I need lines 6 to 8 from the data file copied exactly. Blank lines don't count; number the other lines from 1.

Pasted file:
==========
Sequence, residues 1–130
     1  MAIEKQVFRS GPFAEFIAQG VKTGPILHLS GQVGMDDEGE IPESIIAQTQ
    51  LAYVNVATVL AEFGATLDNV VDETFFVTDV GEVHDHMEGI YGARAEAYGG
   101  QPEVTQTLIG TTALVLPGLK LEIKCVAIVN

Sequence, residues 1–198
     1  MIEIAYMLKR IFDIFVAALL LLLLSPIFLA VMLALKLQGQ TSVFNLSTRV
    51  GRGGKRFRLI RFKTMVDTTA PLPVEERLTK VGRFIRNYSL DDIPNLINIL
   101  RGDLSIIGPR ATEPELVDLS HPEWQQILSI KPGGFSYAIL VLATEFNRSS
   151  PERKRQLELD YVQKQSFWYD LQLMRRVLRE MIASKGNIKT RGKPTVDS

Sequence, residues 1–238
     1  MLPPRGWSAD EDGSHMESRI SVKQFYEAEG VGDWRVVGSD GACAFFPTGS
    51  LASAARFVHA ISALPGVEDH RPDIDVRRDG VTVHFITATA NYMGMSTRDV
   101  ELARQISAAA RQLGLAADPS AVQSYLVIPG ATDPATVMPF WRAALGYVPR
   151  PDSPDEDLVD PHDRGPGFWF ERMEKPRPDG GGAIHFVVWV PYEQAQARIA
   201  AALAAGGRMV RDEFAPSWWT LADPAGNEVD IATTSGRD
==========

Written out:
     1  MIEIAYMLKR IFDIFVAALL LLLLSPIFLA VMLALKLQGQ TSVFNLSTRV
    51  GRGGKRFRLI RFKTMVDTTA PLPVEERLTK VGRFIRNYSL DDIPNLINIL
   101  RGDLSIIGPR ATEPELVDLS HPEWQQILSI KPGGFSYAIL VLATEFNRSS